Balancing was difficult on this day. Everything around us was determined to pull us down, to kill the reminiscent summer aura that we were so caught up in. The chill wind tossed my outstretched arms and wrapped around my knees so tightly that they began to buckle underneath me. Splashes from the creek leapt onto the surface of the log, saturating the wood just enough to undermine the tread on my shoes. For a while, I fought with the wind, shifting weight as I swayed from front to back, side to side, until the push became so strong that I had to brace myself. As my foot went down and the game was over, the snow underneath crunched just loud enough to draw my mind back into those frigid winter woods. I sat down after my defeat. Dark and cold seemed to creep up on the log bridge where we sat. The numbness in my toes paired with the rhythmic chatter my teeth made me reluctantly conscious of my surroundings. Blood-flow seemed to cease as my body began to shiver, giving in to the numbing atmosphere. The winter mist pulled visible streams of air from my mouth with every breath I took.
Michael and I sat facing each other for a long time. The silence was too strong for us to break with words. We sat, waiting for some sign of life in the woods besides our own. Fighting against our notions to return to the warm house became more difficult as the afternoon slowly crept into night. Clouds began to spit flakes around us, relying on the wind to guide them into the most uncomfortable crevices of our necks and faces. The water began to roar, almost commanding that we remove ourselves from the perch above, intermittently sloshing a pant leg or shoelace until both Michael and I became soaked. As we began to give in to the elements, a scarlet stroke disrupted the white canvas of the woods. A red bird had perched itself in the middle of the pathway leading up to the very log I was sitting on. No bird had ever landed so close to us in the summer and we began to forget about the frigid grip that winter had held on us. Our teeth slowly settled from chattering, a reaction we had both succumbed to. We looked at each other and began our attempts at getting closer to this living thing.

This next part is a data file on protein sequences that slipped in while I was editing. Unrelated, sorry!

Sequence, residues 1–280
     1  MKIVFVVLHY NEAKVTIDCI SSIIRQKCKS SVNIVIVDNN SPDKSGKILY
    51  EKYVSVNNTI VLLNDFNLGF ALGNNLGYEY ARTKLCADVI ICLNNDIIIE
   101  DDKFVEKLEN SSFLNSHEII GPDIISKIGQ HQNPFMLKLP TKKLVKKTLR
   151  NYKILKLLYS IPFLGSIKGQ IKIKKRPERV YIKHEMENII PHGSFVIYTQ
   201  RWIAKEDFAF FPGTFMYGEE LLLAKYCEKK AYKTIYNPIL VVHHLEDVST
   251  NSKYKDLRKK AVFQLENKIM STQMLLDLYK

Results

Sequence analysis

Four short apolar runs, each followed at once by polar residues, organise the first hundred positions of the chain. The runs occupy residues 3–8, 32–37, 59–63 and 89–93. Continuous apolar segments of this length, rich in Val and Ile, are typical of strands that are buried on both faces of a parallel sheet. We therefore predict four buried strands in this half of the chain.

At first I edged my way toward the bird, sliding my numb bottom strategically, until knots on the log forced me to either stop or stand. I braced myself with my hands before attempting to plant my feet. I was almost completely standing when my left foot slipped and I toppled into the creek below. Two feet of the Holston River waited below to catch my flailing frame. As I hit the surface I gasped at the shock of the cruel cold seeping through my clothing and cutting through my skin. The creek bed jarred my body, rocks prodding into my legs and back as they broke my fall. My fall had shaken the log just enough to remind the red bird of his ability to fly, and he had.
During the summer, birds were everywhere. The woods were full of woodpeckers and humming birds. Pecking and singing played throughout the summer days, echoing off tree trunks until the woods chirped with life. Summer bird landings were never that exciting. Nests in split trunks seemed to be as close as the creatures got to us humans. Michael and I sometimes tried to get close to the nests but we could never seem to make it without being noticed. We watched that other world from the ground, pondering what the woodpeckers and red birds looked like close up, but never knowing. Before we forgot about the birds and continued on our expeditions, Michael always said, “Wouldn’t it be great to fly?”